At the end of every month I join several other people on a ‘Green Walk’. The idea is that we look at different, green parts of the city of Exeter. I enjoy getting to know parts of the city that I had no idea existed. Often there is a theme to the walk which has included observing wildlife and going foraging with Robin Harford. If you wish to know more about Green Walks, then do join the Facebook page
This month the theme was fruit foraging. We were looking for blackberries and other berries to pick as well as having an invitation to a private garden with a surplus of apples and pears.
At the beginning of the walk, a dark cloud and a shower of rain threatened to spoil the afternoon. However, as can often happen in this country, the sun soon came out and as the photographs show, we had one of those afternoons that illustrate just how good a British summer can be!!
Walking And Talking
We had a splendid time! Walking, talking and sharing cooking and preserving tips and food stories. One of the aims of the walk, possibly the most important is for people to meet with each other and chat – and there is always plenty of interesting conversations going on. It is also perfectly possible to break away from the group too for some quiet reflection. The Green Walks own mascot dog kept us keeping up the pace!
Armed with bags, old ice cream containers and assorted boxes, we set off in hope and expectation of a fruitful walk! Blackberries were the first edibles that we encountered and they certainly varied in quality – from the red to the over ripe, from the huge and sweet to the small and sour. I picked a few that have subsequently found their way into an apple and blackberry crumble.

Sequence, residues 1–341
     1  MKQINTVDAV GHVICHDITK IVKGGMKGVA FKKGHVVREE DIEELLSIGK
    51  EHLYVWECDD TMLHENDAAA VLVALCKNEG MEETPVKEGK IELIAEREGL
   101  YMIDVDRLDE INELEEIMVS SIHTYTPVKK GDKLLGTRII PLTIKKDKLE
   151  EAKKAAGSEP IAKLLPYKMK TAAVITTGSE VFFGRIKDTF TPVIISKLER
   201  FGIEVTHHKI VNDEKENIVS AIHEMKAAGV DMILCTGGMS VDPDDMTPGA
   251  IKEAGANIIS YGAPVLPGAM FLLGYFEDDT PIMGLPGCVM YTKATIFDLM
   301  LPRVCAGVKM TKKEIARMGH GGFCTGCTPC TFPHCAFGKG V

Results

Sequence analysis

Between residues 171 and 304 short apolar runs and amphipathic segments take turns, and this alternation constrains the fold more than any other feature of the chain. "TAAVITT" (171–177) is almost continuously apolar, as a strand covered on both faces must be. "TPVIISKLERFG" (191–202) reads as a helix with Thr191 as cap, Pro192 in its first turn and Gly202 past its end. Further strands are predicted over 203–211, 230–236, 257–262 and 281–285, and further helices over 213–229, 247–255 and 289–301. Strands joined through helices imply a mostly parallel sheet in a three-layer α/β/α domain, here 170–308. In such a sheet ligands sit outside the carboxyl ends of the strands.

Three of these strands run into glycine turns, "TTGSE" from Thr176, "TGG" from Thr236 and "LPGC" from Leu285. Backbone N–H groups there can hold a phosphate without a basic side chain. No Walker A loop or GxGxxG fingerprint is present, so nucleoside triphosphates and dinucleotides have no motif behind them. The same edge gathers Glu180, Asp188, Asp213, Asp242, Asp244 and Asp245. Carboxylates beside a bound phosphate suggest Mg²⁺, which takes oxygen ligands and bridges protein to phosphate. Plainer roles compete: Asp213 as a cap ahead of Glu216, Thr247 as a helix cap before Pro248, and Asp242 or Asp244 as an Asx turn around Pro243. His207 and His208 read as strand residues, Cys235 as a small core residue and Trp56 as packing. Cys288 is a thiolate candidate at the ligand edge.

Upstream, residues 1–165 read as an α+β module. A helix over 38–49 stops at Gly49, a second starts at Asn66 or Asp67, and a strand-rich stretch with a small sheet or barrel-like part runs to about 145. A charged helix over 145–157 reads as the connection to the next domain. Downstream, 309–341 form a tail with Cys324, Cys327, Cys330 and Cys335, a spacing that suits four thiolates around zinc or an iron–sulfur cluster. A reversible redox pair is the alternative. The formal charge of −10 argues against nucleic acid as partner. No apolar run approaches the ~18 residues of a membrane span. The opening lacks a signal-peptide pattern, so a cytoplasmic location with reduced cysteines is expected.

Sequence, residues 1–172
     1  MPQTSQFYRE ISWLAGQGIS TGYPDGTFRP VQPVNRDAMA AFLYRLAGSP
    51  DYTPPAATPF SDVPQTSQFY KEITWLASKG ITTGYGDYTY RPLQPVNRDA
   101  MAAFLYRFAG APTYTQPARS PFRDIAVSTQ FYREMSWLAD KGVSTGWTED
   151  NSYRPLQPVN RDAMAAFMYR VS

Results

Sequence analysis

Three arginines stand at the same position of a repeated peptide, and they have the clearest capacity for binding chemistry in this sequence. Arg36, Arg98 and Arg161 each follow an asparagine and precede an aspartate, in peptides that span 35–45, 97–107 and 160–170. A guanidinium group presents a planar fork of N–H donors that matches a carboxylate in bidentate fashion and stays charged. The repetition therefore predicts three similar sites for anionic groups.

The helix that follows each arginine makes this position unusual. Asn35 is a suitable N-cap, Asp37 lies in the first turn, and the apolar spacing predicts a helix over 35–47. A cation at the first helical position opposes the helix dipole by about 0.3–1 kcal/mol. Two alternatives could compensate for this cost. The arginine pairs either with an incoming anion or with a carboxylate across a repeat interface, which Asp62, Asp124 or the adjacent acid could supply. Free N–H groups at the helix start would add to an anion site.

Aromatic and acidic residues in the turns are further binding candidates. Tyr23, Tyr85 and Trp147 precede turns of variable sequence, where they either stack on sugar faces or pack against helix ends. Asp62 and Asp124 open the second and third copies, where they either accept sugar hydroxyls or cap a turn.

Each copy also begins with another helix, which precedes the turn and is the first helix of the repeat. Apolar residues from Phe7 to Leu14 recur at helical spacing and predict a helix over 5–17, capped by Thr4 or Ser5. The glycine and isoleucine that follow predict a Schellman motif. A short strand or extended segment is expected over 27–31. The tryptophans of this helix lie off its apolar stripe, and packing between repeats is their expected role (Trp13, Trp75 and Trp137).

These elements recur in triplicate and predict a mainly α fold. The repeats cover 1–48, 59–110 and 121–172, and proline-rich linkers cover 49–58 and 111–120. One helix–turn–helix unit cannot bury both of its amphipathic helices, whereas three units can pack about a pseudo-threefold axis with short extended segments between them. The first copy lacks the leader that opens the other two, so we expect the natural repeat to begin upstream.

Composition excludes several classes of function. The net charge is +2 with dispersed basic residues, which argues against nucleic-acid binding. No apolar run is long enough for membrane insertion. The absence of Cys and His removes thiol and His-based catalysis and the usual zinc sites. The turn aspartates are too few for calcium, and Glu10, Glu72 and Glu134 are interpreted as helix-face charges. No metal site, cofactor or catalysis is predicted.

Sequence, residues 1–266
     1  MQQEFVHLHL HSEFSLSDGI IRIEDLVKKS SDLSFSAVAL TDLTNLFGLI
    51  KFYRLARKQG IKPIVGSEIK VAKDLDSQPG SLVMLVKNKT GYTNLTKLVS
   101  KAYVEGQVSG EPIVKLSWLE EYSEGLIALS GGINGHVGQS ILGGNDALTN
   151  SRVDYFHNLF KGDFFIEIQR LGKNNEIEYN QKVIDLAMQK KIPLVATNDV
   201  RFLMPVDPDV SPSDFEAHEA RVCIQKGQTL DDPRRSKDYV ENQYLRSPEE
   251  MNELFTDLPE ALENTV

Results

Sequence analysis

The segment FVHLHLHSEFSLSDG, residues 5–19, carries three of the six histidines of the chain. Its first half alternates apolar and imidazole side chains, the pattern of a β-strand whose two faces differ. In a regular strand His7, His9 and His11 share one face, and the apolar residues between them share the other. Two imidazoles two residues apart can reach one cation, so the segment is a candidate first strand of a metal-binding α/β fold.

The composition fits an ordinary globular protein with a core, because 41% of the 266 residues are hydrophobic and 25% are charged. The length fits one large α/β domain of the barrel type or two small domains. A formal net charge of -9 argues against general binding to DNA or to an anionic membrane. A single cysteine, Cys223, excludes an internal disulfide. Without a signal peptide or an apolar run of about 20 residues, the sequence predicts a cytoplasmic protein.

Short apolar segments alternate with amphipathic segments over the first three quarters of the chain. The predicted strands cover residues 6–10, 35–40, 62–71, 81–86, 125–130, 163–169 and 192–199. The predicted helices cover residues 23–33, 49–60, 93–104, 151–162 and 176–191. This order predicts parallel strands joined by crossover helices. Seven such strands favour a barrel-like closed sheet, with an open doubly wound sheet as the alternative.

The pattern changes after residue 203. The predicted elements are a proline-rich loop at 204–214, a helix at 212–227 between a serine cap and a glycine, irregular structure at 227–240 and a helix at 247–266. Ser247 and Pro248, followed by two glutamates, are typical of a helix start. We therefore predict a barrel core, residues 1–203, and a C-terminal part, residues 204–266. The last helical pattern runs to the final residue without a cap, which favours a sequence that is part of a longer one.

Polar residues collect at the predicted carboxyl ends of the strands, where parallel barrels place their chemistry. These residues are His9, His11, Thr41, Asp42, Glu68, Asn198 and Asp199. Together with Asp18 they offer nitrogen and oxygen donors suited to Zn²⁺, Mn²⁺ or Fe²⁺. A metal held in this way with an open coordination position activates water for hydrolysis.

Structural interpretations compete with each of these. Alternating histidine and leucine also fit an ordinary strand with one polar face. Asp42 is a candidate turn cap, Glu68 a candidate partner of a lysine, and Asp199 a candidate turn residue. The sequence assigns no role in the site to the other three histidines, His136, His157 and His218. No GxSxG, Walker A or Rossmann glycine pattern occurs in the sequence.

Next to come under our scrutiny was an apple tree where I gathered a huge number of apples, making the week ‘apple week’ when it comes to cooking. I have Bramley apples as well as eating apples. I have already made Apple Cake and I will be foraging for interesting apple recipes – do let me know if you have any wonderful recipes. Apple Snow is a favourite from my childhood. Making Apple Chutney will be a new experience for me too.
On our travels we also encourntered sloes and some of the party will be making sloe gin. Another person collected some vine leaves – I am looking forward to collecting his recipe for stuffed vine leaves! Elderberries were looking good and elderberry wine was definitely on the agenda for some.
A fig tree held everyone’s attentions as, happily, there were some ripe figs on the tree. They were absolutely delicious and we commented that they are very different from ‘fig roll biscuits’ which have been some people’s only encounter with the fruit. If you ever get the chance to try a fresh fig, I do recommend that you take it. It was amazing, really, to be able to eat a fig grown in this country as they are really a fruit from the warmer climes of the Mediterranean or Middle East. According to the Wikipedia article on figs, it was one of the first fruits to be cultivated by humans! They are also exceedingly nutritious, being particularly high in calcium.
It does seem a shame that when there are such plentiful apples all around us that the supermarkets are still buying apples from far flung places, increasing our carbon footprint. Wherever possible do try to buy local.
Exeter also has the’Harvest’ project which enables people to share surplus stock. Many towns and cities have similar projects.
It was an enjoyable walk and we are all looking forward to sharing some recipes and tasting the fruits of our labour!